BusinessWeek Investor -- Inside Wall Street
Buy Reader's Digest?
Shares of Reader's Digest Assn. (RDA) have not been on the Street's best-seller list for some time. After hitting 38 in February, they went south, falling to 29 in mid-May--then turned around and climbed back to 36 5/8 on June 7. Part of the reason is a perception among analysts that the turnaround organized by CEO Thomas Ryder, who took the helm in 1998, is running a year ahead of schedule.
But here is the plum: Whispers are that German conglomerate Bertelsmann is in informal talks to acquire Reader's Digest, a publisher and direct marketer of magazines, books, videos, records, and CD-ROMs. "The price being discussed is $5.8 billion to $6.3 billion, or 55 to 60 a share for Reader's Digest," says one investment manager. She sees the talks succeeding, because of the big prize in assets Bertelsmann would acquire. Bertelsmann has interests in 600 companies in 53 countries. Through U.S. publisher Random House and its other units, Bertelsmann sells 1 million books daily and counts 170 million magazine and newspaper readers.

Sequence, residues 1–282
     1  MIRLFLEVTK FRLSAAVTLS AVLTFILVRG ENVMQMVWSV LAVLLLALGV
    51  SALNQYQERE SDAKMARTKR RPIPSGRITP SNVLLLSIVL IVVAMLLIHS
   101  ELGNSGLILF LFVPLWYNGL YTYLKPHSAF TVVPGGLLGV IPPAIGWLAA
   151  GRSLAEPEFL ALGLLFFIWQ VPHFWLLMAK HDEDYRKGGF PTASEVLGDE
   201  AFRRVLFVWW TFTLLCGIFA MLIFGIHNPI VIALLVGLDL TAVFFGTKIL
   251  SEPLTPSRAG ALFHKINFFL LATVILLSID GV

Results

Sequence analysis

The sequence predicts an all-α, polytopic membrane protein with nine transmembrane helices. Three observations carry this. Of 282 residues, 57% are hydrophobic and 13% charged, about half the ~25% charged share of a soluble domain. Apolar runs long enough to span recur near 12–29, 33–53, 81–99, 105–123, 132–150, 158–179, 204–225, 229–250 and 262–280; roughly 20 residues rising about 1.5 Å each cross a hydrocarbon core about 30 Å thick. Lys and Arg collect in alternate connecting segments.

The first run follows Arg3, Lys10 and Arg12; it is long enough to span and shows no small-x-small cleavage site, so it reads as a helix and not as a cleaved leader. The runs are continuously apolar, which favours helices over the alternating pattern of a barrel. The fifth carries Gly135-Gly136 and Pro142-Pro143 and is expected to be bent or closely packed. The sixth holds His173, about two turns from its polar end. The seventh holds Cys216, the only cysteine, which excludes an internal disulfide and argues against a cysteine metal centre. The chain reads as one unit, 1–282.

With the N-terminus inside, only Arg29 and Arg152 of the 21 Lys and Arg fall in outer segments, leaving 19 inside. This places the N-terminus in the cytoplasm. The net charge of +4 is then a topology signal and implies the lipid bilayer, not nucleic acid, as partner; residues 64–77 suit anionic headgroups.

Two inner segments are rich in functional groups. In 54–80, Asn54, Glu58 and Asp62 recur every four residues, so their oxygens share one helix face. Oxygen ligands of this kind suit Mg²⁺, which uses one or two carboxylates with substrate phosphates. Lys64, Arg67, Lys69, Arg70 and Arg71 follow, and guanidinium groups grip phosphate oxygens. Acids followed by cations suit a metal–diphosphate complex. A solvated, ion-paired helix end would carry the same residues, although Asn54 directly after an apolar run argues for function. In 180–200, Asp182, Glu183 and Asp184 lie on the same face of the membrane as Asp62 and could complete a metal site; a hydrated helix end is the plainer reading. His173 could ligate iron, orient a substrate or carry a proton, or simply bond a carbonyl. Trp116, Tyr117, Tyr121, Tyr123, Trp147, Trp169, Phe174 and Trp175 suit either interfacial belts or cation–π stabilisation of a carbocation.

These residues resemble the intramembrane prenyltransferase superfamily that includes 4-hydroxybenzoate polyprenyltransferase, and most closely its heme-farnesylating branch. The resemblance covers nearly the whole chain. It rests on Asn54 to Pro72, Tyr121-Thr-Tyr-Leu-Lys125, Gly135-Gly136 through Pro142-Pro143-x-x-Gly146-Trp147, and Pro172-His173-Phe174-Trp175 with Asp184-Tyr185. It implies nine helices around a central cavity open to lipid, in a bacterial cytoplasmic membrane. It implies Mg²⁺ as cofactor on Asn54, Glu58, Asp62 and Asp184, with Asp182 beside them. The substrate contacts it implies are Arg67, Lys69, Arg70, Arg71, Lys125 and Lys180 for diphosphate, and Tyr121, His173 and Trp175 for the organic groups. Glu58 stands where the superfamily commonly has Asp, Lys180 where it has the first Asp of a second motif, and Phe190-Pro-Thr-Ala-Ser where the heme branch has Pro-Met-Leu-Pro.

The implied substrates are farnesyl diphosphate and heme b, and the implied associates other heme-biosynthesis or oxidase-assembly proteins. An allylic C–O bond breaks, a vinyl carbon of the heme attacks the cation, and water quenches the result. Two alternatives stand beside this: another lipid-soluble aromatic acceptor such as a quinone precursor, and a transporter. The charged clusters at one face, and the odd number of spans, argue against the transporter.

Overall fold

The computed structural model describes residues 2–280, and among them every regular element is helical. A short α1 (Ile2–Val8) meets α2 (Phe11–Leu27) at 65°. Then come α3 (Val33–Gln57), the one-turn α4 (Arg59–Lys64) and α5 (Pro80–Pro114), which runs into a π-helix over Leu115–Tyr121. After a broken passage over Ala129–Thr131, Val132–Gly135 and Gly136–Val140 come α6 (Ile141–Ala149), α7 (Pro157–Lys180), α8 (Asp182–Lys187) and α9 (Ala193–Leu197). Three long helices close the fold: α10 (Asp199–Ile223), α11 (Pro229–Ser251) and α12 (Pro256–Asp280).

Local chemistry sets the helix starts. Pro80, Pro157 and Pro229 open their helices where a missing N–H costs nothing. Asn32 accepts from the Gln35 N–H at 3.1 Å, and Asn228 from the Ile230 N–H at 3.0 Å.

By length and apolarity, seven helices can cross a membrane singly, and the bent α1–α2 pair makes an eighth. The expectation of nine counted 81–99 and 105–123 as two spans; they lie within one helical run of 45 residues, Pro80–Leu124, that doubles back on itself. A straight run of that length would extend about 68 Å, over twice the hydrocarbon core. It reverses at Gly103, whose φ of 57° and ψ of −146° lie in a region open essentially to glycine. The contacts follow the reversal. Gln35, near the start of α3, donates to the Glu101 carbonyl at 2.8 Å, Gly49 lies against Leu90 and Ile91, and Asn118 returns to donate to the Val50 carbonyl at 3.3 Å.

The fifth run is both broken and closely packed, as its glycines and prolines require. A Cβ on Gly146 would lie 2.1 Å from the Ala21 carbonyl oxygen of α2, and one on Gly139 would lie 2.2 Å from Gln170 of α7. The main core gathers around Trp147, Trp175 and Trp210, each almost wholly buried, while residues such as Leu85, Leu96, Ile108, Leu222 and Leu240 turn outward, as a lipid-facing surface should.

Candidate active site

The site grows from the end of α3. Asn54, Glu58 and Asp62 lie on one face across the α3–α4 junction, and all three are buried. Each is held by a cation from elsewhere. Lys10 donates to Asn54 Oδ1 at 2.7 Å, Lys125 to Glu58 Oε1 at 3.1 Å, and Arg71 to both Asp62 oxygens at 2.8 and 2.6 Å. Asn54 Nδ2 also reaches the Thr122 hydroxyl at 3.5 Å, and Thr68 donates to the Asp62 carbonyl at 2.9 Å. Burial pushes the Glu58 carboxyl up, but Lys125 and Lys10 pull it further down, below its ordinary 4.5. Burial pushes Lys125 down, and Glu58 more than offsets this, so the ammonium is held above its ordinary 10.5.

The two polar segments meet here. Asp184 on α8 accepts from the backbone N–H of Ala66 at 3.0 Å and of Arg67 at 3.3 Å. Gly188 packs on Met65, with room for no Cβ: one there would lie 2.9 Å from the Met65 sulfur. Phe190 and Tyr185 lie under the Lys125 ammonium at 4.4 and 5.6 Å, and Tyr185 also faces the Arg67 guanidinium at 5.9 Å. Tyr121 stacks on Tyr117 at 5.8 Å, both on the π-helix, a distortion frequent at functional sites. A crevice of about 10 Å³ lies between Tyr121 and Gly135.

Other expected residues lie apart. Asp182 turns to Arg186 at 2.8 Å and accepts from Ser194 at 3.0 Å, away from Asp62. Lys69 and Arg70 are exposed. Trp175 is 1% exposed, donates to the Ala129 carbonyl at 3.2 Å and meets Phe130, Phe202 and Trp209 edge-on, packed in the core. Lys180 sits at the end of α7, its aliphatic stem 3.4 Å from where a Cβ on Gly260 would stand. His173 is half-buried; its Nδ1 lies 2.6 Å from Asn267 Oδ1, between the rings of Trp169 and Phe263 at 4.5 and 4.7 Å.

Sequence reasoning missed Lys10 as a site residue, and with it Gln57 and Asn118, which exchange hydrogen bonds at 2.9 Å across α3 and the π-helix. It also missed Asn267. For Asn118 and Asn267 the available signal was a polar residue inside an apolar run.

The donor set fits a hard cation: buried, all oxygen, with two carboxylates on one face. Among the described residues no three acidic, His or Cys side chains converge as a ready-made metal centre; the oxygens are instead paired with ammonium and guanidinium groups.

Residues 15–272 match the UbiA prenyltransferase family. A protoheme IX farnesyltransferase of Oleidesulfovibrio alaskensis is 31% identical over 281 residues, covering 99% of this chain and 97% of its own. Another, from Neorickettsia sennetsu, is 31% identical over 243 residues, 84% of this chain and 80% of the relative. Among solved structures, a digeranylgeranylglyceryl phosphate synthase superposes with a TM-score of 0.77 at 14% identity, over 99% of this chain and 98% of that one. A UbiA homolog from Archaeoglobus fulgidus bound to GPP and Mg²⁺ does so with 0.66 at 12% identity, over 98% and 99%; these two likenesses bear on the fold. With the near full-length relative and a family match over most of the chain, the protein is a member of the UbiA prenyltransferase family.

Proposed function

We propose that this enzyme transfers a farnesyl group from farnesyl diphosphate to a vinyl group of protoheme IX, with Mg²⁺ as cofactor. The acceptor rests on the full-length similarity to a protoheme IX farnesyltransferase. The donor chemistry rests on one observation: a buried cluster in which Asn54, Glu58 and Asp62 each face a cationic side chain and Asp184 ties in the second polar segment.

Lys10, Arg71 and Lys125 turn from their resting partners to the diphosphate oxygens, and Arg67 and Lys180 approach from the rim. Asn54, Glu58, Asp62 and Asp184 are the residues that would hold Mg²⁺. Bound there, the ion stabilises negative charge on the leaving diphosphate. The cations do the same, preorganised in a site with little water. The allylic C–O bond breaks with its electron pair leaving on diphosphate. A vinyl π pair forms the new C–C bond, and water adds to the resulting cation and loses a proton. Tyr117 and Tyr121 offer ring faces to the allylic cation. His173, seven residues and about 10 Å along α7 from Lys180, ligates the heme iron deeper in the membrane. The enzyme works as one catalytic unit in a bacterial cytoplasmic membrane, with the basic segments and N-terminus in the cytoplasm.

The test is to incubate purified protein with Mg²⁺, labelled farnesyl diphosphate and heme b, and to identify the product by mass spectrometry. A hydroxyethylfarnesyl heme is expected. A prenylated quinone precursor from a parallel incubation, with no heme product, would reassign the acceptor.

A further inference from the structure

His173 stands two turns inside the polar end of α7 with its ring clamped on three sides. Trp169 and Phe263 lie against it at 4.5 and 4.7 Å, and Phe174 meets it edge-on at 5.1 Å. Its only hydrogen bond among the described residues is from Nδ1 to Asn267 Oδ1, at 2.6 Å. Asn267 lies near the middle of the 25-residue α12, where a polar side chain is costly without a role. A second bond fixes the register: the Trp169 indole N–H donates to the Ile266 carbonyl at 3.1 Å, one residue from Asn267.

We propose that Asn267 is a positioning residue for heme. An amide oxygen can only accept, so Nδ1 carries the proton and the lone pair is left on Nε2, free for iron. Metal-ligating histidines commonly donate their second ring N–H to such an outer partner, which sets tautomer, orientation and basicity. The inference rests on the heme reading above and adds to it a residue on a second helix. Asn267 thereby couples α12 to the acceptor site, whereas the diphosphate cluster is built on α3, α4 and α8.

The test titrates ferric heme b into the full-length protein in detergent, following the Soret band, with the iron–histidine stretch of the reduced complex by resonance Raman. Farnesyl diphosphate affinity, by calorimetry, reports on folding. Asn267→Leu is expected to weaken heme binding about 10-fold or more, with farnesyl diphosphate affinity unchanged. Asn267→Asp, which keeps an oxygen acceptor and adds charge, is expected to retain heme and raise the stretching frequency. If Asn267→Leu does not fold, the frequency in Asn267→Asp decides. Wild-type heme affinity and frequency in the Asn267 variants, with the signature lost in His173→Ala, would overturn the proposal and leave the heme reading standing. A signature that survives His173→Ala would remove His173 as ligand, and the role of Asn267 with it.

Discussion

One of the valuable assets that Reader's Digest would bestow on privately held Bertelsmann: a Big Board listing. Its stock could later be used by Bertelsmann as currency to buy more U.S. assets to widen its media reach, particularly on the Internet. Reader's Digest has heavy Net presence through its 28 Web sites, which are helping propel its fast turnaround, analysts say. Dan Veru of Palisades Capital Management, which owns more than 1 million shares, says on fundamentals alone, the stock is worth 46, or 11 times estimated 2001 EBITDA of $430 million. He expects Reader's Digest to earn $1.55 a share in 2000 and $2 in 2001. Bertelsmann spokeswoman Liz Young declined comment. A Readers Digest spokeswoman said they don't comment on speculation.By Gene G. MarcialReturn to top
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